Lillian Howell (LH) and Thomas Howell (TH)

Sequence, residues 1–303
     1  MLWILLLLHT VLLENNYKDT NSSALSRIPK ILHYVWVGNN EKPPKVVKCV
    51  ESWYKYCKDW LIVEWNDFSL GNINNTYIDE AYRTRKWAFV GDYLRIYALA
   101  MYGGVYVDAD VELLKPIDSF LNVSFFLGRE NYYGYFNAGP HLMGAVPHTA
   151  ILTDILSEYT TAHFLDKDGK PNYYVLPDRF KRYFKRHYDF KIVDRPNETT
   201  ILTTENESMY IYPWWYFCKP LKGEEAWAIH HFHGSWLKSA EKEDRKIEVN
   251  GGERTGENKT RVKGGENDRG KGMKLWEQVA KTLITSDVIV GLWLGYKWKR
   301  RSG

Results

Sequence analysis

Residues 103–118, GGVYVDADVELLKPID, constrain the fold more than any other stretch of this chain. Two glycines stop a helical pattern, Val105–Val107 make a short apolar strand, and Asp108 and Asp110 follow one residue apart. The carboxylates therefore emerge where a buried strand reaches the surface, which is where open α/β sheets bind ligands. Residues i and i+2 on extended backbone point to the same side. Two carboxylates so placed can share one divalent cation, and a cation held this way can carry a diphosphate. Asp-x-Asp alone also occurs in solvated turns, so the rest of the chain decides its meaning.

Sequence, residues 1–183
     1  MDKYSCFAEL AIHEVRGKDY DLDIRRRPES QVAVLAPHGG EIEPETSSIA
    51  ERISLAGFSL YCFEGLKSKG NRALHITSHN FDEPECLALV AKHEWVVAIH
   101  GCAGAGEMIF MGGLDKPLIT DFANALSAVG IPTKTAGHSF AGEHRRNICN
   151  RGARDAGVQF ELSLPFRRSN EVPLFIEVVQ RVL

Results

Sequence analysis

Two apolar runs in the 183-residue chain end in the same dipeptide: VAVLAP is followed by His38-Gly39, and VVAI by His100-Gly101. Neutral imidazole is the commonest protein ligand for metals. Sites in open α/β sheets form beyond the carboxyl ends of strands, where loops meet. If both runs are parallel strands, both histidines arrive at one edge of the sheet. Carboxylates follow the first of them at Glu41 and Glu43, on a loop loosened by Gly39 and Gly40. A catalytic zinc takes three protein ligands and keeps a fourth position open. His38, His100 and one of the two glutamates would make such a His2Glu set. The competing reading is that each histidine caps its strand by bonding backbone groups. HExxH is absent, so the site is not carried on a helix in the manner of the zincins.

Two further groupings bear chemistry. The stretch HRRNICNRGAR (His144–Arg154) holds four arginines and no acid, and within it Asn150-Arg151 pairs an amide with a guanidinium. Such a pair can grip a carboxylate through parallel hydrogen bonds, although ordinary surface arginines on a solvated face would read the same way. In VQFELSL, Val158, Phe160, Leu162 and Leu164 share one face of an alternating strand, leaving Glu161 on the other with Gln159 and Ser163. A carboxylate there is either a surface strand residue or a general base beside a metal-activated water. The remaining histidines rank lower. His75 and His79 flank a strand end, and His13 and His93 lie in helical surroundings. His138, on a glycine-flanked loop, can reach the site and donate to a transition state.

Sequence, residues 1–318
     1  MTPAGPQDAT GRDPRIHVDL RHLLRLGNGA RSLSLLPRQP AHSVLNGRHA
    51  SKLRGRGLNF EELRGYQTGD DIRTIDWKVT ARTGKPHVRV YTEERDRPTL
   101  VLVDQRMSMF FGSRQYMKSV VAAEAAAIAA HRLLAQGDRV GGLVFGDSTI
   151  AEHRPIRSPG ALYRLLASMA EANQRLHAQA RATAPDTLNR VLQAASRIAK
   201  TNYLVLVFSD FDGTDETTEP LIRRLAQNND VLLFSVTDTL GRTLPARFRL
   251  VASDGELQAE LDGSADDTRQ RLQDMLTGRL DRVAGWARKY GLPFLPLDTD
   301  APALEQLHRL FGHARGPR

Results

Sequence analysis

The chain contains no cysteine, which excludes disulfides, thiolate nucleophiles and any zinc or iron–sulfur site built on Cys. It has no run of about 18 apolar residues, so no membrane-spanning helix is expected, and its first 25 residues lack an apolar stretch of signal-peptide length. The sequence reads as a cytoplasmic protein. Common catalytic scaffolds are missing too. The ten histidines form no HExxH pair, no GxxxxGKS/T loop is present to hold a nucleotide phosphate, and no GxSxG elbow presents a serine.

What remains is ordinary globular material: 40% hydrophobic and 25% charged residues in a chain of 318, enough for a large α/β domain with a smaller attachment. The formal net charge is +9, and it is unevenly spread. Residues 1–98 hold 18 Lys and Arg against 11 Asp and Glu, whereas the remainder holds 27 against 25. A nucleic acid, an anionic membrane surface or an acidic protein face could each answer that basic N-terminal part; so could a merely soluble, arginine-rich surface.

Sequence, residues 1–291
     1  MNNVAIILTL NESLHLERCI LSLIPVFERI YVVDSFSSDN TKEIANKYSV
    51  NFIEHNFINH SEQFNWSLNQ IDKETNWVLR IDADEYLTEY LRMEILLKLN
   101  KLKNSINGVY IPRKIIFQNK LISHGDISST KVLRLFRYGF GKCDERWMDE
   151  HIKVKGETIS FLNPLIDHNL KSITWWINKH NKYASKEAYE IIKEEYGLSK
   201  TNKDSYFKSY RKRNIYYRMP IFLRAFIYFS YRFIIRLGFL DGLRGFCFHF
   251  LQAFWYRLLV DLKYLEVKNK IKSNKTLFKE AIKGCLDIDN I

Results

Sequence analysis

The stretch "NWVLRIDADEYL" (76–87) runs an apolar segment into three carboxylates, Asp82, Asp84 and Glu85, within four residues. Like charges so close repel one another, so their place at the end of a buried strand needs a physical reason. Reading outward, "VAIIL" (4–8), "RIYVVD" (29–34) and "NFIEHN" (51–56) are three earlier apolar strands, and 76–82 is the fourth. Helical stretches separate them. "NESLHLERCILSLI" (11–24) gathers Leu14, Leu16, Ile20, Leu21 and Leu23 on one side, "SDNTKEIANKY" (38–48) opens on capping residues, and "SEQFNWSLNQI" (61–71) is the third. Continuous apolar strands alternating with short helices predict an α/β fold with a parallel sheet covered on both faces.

LH: My father worked at Krogers in central downtown Cincinnati, Ohio, he got laid off. And we didn’t know what we were going to do. He came up with this idea to come back to Virginia to live with some family. We sold what household things we had, which was very few but we took the one prized possession that my mother had, an ivory dresser set. It was a three day trip in that model ’T’ ford that he had purchased with all the money he’d get together. There were no filling stations, there were no motels, many of the roads weren’t even paved. Sometimes the curves were so bad that sometimes dad was afraid he’d run-off the road, and he’d have us get out of the car and walk. Somewhere along the way, we were out of money. We found this grocery store and they had gas, it was only ten cents a gallon. So dad remembered that dresser set and said, ’there’s nothing to do but to pawn it, we’ve got to have the money. We got to have food, we got to have gas’. And my mother, she reluctantly gave up her prize. Our last night, we slept on the road and it was cold and the wildcats were just howling. And I was so frightened and dad built a fire and he said, ’as long as I keep this fire going, they’re going to stay on that side of the river and we’re going to stay on this side of the river. And the next day we started again up hose mountains and we arrived at my mother’s sister. The thing that I remember most when we arrived at ’Aunt Mammy’s’ we were so welcome. It felt so good to have someone that cared about you and seemed to want you, who loved you. But most of all that they shared what they had.They gave us a bed, after being out in that car and being out on the road that bed felt so good, that I just felt wonderfully warm and secure. And it was just the way that people gave to each other that helped us through the toughest times.